Melbourne Renegades 2 for 145 (Harper 56*, Cooper 36*) beat Brisbane Heat 8 for 144 (McCullum 50, Shinwari 3-16, Boyce 2-17) by eight wickets
Melbourne Renegades administered a hiding to Brisbane Heat at a subdued Gabba, set on their path by excellent spells from Cameron Boyce and Usman Shinwari before Marcus Harris, Sam Harper and Tom Cooper shepherded the chase.
The Heat were unable to build any momentum at the crease despite a long innings by Brendon McCullum, as Boyce found useful assistance from the surface and Shinwari shrugged off being struck for one telling six by Max Bryant to concede only 10 more runs from his four overs.
After Harris gave the Renegades a usefully rapid-fire start, Harper and Cooper needed only to keep their heads, something they did with the help of dropped catches by the Heat, who now find themselves in some danger of missing out on the BBL finals.
Boyce trumps McCullum
Sent in to bat, the Heat might have expected a rapid start on what looked a good and pacy pitch, but save for one box office drive over long-on by Bryant, their early overs were characterised by a struggle for timing and poise against diligent Renegades bowling. This all added up to that most rare of spectacles – a slow (for him) innings by McCullum.
After Bryant departed and Chris Lynn was unable to get himself going, McCullum seemed to have set himself to bat through the innings, but was unable to impose himself upon the former Queensland spin bowler Boyce, whose legbreaks were also once favoured by Australia’s Twenty20 set-up. Gaining useful turn and bounce from the Gabba surface, Boyce coaxed numerous miscues before removing McCullum when the Heat opener picked out deep midwicket with an attempted slog sweep.
Having already deceived Lynn, Boyce could be more than content with a return of 2 for 17 from four overs, playing a major role in limiting the horizons of the Heat innings.
Cutting’s catchup exercise
Over recent seasons the Heat have had a couple of familiar threats for opponents, the “bash brothers” McCullum and Lynn up the top and then the heavy hitting of Ben Cutting in the lower middle order. While Cutting’s first ball from Boyce left him groping in the manner of McCullum before him, the tall allrounder was able to size up Joe Mennie and seemed capable of driving Brisbane into the 160s when he took 13 runs from the first five balls of the 18th over.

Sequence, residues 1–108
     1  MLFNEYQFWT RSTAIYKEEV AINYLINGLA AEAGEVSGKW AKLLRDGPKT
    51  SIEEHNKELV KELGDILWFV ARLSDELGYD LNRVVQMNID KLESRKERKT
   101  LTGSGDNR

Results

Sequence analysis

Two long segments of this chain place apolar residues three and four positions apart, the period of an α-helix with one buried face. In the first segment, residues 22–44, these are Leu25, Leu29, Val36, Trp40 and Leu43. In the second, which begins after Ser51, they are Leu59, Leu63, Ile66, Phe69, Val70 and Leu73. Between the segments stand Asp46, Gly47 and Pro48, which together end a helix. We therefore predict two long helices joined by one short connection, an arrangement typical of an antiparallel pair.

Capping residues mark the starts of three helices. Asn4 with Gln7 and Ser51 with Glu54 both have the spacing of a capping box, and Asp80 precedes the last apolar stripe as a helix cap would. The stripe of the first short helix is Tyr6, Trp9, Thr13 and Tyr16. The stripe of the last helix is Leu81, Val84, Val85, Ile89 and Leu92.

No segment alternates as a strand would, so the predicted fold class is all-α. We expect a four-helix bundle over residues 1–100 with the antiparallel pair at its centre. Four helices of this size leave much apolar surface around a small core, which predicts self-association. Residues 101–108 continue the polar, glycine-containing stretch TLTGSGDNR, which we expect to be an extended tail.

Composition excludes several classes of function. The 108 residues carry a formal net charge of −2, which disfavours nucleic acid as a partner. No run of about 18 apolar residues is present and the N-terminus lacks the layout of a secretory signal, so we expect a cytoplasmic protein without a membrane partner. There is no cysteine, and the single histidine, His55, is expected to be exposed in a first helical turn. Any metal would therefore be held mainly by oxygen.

However, Mennie was able to provoke a skywards pull shot from a wide, short delivery, and after Beau Webster held on in similar fashion to the catch he took to dismiss McCullum, the Heat innings petered out. Shinwari, on the receiving end of Bryant’s big driven six, completed an otherwise exemplary spell worth 3 for 16, while the recalled Test batsmen Matt Renshaw and Joe Burns could cobble a mere 10 off 10 balls between them.
Harris goes after Pattinson
It was the Renegades who drew first blood, literally, when a Harris skier off James Pattinson burst through the hands of Cutting and he walked off for treatment to a bloody nose. There was some debate over whether Cutting had actually controlled the ball after it struck his nose and he fell to the ground, before the umpires eventually ruled it a non-catch.
More definitive was Harris’ treatment of Pattinson in his second over. A full toss scythed through cover, a length ball heaved over wide mid-on, another length ball inside edged past the stumps to the boundary then an extraordinary launch inside out over cover for six made the over worth 19 and gave the Renegades a swift start to ease pressure on the rest of the batting order. Harris would only get as far as 28, but he had made his presence felt.
Harper, Cooper keep composed
The value of Harris’ early acceleration was to be underlined by the way that Harper and Cooper were able to calmly close in on their target, even though at one point they allowed 20 balls to elapse without a boundary off the bat. Cooper had not previously passed 16 in six innings, and he was to be dropped twice in getting as far as 20. Harper was rather more fluent, teasing the Heat captain Lynn in his efforts to plug gaps.